Chapter Heading Summary

Subject: Chapter Heading Summary
From: "Daniel Hall" <misterhall -at- prodigy -dot- net>
To: "techwr-l" <techwr-l -at- lists -dot- raycomm -dot- com>
Date: Fri, 28 Apr 2000 20:57:24 -0700


A week or two ago (so long already?), I posted a question about the title
for a section of a manual that contained troubleshooting information that
wasn't specific to any particular problem. This chapter covers such
information as which items should be checked first, how faults can be
isolated, etc. I also asked for ideas about its place in the overall flow of
the manual - did it belong in the front or back.

Thanks to everyone who responded. All the comments were much appreciated
{even the more pointed ones :) }, and several people offered excellent

For now (everything is temporary here) we have decided to call the section
_What to Do When All Else Fails_, and include it at the end of the manual,
with a reference to it at the end of each of the chapters along the lines of
" ... if this didn't help, see _What to Do When All Else Fails_ on page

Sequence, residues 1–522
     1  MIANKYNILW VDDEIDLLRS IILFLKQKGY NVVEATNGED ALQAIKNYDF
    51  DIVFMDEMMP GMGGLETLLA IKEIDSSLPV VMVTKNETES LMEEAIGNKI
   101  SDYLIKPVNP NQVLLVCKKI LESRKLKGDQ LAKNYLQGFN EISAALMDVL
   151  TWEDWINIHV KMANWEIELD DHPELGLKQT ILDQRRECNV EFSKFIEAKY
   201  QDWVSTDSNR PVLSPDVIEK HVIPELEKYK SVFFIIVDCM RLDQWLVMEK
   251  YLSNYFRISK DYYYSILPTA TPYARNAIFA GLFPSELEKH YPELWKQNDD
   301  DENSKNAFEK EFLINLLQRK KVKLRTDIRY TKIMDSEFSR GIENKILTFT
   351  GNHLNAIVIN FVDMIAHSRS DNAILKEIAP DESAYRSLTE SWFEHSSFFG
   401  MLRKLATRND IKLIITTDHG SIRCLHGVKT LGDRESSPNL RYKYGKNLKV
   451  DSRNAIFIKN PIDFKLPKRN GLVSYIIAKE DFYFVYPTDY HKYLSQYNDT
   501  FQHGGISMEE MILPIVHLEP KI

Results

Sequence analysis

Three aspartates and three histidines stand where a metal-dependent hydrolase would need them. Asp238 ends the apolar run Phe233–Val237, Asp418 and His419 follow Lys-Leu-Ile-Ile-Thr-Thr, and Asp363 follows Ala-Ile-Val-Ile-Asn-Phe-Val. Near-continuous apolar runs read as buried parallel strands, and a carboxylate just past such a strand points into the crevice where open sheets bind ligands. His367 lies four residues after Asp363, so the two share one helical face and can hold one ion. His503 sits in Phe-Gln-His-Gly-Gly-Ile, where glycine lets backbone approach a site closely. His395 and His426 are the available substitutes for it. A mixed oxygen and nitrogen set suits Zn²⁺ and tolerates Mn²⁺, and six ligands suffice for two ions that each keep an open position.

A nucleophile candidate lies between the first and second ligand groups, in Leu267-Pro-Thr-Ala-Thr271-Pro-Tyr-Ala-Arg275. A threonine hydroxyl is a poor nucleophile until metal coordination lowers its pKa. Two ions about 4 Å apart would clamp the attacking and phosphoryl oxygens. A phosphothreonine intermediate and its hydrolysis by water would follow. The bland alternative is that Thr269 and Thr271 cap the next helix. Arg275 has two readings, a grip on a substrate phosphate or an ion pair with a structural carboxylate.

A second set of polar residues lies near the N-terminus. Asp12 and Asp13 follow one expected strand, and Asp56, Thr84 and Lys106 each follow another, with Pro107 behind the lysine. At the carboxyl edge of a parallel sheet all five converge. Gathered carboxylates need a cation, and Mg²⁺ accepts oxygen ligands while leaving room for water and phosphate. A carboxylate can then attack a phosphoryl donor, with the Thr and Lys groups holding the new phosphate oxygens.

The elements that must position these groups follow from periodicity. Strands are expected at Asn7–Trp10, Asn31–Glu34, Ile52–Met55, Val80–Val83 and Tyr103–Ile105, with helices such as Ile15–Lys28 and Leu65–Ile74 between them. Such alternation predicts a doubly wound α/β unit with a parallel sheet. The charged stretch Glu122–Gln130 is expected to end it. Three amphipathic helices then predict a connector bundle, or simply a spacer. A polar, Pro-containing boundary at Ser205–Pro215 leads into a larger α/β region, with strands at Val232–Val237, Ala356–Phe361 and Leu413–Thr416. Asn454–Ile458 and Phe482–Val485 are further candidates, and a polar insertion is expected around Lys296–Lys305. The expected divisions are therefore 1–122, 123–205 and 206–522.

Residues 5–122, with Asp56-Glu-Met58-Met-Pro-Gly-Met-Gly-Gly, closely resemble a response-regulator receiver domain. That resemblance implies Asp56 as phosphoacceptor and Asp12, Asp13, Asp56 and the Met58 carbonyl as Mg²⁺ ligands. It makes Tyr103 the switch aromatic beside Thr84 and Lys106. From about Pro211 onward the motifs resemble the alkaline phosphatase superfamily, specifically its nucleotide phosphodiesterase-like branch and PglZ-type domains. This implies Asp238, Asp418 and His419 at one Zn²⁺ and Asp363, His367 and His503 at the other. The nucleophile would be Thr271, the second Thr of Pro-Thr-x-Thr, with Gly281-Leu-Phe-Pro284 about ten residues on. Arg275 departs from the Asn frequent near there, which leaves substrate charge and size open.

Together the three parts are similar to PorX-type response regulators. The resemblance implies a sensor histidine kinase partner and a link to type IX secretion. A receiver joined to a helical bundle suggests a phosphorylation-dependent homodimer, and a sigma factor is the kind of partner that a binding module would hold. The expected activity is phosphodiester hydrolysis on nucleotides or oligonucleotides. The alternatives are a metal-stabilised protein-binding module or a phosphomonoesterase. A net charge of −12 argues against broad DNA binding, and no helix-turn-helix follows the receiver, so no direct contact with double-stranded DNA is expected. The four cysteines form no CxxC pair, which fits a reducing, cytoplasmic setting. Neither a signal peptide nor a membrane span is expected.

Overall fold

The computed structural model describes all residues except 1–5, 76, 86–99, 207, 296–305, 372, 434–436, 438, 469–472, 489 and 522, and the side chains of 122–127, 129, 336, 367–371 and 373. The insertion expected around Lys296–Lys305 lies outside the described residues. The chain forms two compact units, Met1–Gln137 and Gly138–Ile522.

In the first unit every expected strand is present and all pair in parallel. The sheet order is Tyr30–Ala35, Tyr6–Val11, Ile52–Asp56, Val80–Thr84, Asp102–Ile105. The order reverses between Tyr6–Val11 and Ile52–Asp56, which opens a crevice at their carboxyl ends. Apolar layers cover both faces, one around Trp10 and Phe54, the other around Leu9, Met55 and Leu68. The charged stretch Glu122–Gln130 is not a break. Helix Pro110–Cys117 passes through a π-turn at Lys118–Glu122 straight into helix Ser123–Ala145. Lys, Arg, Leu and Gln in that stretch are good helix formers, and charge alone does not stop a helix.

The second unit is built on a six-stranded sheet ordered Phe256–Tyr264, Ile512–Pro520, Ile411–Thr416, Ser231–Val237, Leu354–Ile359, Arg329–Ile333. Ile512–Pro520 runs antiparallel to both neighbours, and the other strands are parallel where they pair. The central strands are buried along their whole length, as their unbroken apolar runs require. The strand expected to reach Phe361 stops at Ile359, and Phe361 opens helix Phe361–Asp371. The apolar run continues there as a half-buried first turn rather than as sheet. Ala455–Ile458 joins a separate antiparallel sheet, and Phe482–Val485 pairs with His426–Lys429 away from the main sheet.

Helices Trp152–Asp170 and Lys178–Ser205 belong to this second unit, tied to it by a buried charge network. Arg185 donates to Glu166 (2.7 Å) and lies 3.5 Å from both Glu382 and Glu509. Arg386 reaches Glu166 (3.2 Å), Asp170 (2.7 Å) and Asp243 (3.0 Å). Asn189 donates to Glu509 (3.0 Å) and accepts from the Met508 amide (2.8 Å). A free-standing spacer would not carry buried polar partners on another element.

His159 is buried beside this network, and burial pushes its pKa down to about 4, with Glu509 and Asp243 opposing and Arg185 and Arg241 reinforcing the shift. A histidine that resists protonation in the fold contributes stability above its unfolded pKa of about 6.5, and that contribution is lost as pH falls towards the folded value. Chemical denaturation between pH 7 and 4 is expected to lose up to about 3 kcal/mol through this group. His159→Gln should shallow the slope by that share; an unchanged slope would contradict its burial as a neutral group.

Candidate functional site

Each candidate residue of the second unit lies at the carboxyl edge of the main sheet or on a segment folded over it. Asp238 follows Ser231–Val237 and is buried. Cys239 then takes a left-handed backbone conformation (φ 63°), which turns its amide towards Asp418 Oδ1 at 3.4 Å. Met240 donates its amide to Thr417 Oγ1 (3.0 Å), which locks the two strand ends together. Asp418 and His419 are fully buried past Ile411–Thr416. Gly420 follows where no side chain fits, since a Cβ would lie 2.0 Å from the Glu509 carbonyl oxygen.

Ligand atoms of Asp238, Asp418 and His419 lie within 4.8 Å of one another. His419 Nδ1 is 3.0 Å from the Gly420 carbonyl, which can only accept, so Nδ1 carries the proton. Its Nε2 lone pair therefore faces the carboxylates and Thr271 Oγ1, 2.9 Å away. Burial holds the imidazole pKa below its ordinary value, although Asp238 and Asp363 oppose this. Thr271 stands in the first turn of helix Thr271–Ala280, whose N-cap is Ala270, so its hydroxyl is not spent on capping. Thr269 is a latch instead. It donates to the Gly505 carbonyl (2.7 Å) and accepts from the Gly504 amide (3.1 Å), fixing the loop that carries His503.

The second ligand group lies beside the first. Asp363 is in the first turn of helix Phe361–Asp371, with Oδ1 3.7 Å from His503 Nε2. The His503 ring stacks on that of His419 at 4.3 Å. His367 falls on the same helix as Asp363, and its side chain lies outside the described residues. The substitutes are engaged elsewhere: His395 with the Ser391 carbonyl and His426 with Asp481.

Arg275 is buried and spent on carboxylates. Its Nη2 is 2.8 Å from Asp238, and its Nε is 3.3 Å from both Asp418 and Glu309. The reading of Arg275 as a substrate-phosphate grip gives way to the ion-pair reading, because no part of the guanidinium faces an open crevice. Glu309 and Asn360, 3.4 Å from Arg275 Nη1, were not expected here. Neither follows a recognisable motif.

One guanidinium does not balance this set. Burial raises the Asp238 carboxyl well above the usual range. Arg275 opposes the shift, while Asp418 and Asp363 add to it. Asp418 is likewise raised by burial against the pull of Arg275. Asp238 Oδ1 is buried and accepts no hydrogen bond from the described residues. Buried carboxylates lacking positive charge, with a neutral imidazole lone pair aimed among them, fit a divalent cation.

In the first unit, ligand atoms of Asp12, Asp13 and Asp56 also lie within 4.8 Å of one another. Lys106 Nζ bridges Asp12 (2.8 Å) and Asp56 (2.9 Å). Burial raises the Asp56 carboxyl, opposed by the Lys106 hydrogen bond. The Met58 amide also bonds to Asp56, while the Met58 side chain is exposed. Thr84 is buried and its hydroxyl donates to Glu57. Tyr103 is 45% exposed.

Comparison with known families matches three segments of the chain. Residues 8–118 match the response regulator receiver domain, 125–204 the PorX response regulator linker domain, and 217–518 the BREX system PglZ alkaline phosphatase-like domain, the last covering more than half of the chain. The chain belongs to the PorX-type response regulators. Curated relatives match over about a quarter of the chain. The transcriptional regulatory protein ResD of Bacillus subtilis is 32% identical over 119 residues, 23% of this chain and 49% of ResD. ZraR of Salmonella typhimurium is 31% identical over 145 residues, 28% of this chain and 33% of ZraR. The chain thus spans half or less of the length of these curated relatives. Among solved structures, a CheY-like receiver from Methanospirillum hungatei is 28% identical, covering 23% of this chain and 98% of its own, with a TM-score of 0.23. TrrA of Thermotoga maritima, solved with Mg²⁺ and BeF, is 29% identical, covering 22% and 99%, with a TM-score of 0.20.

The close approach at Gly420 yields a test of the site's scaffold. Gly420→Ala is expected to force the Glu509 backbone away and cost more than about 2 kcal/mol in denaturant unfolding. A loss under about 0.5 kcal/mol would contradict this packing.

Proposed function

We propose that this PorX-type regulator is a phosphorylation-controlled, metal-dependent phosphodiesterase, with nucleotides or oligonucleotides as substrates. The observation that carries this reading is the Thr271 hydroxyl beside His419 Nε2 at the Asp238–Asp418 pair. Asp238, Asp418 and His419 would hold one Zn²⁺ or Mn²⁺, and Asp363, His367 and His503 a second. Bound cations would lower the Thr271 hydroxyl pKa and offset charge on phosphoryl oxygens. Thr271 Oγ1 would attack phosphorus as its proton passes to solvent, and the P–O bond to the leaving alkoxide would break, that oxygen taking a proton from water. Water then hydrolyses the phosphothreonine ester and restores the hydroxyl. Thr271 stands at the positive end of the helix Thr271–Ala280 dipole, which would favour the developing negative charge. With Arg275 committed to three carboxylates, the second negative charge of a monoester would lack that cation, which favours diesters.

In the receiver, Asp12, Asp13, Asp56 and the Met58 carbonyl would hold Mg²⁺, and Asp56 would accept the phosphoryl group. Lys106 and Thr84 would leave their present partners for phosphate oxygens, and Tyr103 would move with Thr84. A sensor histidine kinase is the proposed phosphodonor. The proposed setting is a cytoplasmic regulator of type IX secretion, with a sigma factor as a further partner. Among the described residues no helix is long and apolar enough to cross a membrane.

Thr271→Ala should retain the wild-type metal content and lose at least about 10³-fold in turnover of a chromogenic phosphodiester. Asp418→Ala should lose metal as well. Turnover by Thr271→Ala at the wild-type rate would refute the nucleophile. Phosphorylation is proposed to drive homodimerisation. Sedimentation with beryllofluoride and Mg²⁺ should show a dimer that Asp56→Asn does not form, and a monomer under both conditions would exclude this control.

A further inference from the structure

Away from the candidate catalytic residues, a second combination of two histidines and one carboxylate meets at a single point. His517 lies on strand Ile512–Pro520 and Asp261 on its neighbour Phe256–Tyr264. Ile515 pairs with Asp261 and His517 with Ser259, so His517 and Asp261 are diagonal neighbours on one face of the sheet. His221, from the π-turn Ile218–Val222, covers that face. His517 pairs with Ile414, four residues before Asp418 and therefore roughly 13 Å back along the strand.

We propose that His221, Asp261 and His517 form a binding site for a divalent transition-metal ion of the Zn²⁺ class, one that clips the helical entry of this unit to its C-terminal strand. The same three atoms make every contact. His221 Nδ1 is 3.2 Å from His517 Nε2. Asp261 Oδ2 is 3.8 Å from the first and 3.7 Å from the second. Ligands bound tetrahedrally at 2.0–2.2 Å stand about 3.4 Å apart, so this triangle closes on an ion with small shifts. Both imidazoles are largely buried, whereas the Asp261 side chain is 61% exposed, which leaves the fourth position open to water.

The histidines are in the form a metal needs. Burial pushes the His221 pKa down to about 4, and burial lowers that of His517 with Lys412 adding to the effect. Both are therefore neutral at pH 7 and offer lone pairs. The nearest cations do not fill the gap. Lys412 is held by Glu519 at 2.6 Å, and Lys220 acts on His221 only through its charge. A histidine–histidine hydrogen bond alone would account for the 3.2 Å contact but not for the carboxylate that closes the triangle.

This has been a troublesome project. The idea - a manual to assist teachers
in resolving their own computer problems, before they call in expensive
outside help - is sound, but the execution is flawed for various reasons. It
is being driven by management, who insist that it cover too much. Apparently
the scope of the project is everything in the computer universe. It must
address "all possible" network problems, "most common" hardware problems,
Windows problems (there's a 50 vol. set of encyclopedias right there), etc.
Add to the scope the variety of hardware and software in use throughout the
district, and you begin see my problem. How do I get myself into these

Again, thanks to all. Your assistance is greatly appreciated.

Dan Hall
danhall -at- consultant -dot- com

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